About Sir John Berry, Colonial Governor of New Jersey
Sir John Berry (1635 – 14 February 1689 or 1690) was an English naval officer of the Royal Navy, and was in 1675 the captain of the annual convoy to Newfoundland that took place during the years of the colony's founding.
Berry's advocacy of the right of the small number of settlers to remain in Newfoundland, which was opposed by the British Committee for Trade and Plantations, was an important factor in determining the future course of European settlement in Newfoundland.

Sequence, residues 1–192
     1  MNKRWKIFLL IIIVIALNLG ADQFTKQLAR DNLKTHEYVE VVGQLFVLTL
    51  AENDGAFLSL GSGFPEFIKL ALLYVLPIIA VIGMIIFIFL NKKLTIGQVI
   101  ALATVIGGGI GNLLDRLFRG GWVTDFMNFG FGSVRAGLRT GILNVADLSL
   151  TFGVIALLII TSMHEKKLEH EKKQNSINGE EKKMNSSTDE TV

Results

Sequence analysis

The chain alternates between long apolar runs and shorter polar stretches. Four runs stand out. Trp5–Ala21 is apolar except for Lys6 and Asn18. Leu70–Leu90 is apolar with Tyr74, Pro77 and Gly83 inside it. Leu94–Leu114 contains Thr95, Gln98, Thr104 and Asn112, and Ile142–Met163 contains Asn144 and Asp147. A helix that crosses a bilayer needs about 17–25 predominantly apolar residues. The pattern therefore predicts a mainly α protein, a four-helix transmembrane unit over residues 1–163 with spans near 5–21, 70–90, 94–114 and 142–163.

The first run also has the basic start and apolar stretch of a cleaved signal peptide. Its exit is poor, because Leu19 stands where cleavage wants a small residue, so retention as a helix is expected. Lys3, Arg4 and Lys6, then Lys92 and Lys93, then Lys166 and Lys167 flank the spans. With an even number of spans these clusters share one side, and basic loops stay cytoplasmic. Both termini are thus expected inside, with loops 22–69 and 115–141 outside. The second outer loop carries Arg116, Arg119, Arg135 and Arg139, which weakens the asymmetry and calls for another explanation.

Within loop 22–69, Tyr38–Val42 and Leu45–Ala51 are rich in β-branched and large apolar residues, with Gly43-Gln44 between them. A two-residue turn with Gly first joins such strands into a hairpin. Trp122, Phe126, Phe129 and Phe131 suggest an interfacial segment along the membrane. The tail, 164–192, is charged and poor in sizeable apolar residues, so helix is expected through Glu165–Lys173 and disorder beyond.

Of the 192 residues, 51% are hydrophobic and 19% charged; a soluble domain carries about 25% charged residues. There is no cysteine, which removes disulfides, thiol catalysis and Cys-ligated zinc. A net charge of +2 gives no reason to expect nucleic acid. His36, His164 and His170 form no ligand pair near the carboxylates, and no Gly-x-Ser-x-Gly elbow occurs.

Soon after British annexation of the Dutch province of New Netherland in 1664, Philip Cartaret, governor of what became the proprietary colony of East Jersey, granted land to Captain John Berry in the area known as Achter Kol He soon took up residence and called it "New Barbadoes," having previously resided on the island of Barbadoes. The land patent encompassed area between the Hackensack River and Saddle River in what is now Bergen County, New Jersey.
From 1672–1673, Berry was the Governor of the Province of New Jersey. He is recalled in the name of a stream in the New Jersey Meadowlands, Berrys Creek, and the historic Yereance-Berry House.